San Diego Comic-Con has only recently become one of the most important news events in pop culture. For decades, though, it’s been one of the best places for fans to gather and get excited about the big pop culture events coming up.
Throughout its long history, Comic-Con has had many great moments and panels. Ultimately, though, these are the panels that rise above the rest as the best in Comic-Con history.
Tron: Legacy drops a surprise trailer
The 2008 Disney panel ended with a trailer for Race to Witch Mountain, just as everyone expected. Just when attendees assumed the panel was over, however, a teaser for the long-awaited sequel began rolling. The teaser was actually created as a proof of concept to sell Disney on the film, but it was so effective that it became a tantalizing teaser for fans at the end of Disney’s panel.
As part of the promotion for Cowboys and Aliens, the plan had long been for Harrison Ford to be escorted to the Hall H stage in handcuffs — the joke was that Ford was to be dragged on stage for the panel. After an episode of violence erupted in Hall H, however, with a man who ended up being stabbed in the eye with a pen, Ford’s antics on stage read much differently. Fortunately, it was just what the doctor ordered to ease the tension in Hall H, even if the movie he was there to promote ended up not living up to expectations.
Ryan Reynolds’ time as the Green Lantern didn’t turn out so well, but there was a time when there was still a lot of excitement surrounding his casting. Before everyone was disappointed with the final product, however, Reynolds got to have a sweet moment with a young boy who asked him how it felt to recite the Green Lantern oath.
Reynolds then proceeded to recite the oath by heart and the boy who asked the question was visibly moved by his recitation. He showed off his child-sized Green Lantern ring, and Ryan Reynolds then showed off his movie prop lookalike.
Marvel’s 2016 panel featured the first footage of Spider-Man: Homecoming and Brie Larson’s debut as a member of MCU, but the panel is best remembered today for the introduction of the Ravagers, who came from the bottom of the room and proceeded to taunt the panel moderator.
They then took to the podium and proceeded to answer fan questions in character. It was a hugely entertaining installment and something that Marvel has become so great at since dominating Comic-Con.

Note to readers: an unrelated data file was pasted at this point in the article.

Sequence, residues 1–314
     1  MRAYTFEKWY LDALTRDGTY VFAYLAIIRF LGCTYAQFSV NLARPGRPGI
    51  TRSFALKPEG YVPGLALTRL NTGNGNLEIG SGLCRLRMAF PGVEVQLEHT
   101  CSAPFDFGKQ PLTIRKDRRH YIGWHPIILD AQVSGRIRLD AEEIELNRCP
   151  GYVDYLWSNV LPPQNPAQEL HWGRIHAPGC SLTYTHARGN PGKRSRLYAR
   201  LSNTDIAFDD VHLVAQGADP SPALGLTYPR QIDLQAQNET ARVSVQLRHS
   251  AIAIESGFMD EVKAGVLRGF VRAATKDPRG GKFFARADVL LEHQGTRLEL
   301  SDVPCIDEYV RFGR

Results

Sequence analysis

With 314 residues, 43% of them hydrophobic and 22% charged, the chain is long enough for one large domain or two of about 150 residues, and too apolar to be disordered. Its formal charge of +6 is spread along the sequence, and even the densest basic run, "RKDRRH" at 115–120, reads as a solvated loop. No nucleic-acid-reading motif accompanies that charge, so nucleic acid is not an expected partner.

Before the cinematic universe was a twinkle in anyone’s eye, there was Iron Manwhich debuted with a 4-minute trailer exclusively for those gathered in Hall H. The audience in attendance was clearly captivated by the trailer and suddenly it seemed clear that something different was going on around Iron Man.
It would be the start of an entire universe, and the rapt attention the crowds paid to that shot hinted at what was to come, even if they didn’t know for sure.
In 2008 and James Cameron, and Dusk fans eagerly awaited new movies, and panels for those movies were scheduled to be held back to back. The panels were switched so that Twilight: New Moon will come first, partly so Cameron devotees won’t be forced out of Hall H, but Dusk fans just waiting for their panel to start.
Cameron showed the first 25 minutes of the film in Hall H, so of the two panels, Avatar one certainly had a more lasting legacy.
Tom Hiddleston clearly enjoyed his time as the trickster god Loki, and that was perhaps never more true than in 2013, when he appeared on Marvel’s panel as the character. Giving a speech similar to the one he had given The AvengersHiddleston demanded that the audience in Hall H bow before him if they wanted to see what Marvel had in store for them.
It was an exciting moment that is still talked about today. Other panels would try to replicate it in the years to come, but none could match Hiddleston’s dedication to the endeavor.
Joss Whedon’s legacy in pop culture is undeniable, even if he isn’t the universally beloved figure he once was. The cloud of accusations against Whedon certainly hung over the panel where he sat with fellow geek JJ Abrams, but it’s hard to deny that the chance to hear the two discuss their fandom history was a rare treat.
They talked about the first meeting when Abrams was working Felicity and Whedon on Buffyand some news came out of the panel: Abrams confirmed that he is working on a Star Trek sequel, and Whedon said he would direct The Avengers.
Comic-Con panels can sometimes break news, but most of the time fans are speculating what will happen, at least to some extent. Legendary’s 2012 panel was somewhat unusual as they completely surprised the audience with the announcement that Garrett Edwards would be working on a reboot of the Godzilla franchise. What’s more, they already had a teaser trailer, which they proceeded to show not once, but twice.
After Man of Steel debuted, many were curious if DC planned to create their own version of the Marvel Cinematic Universe, which is already in place by 2013. Although Man of Steel just hit theaters, director Zack Snyder took the stage to announce that Batman’s fight with Superman would be included in Man of Steel continuation.
Snyder didn’t even need footage to accompany the announcement. All it had was a logo and that was all the fans needed to lose their minds.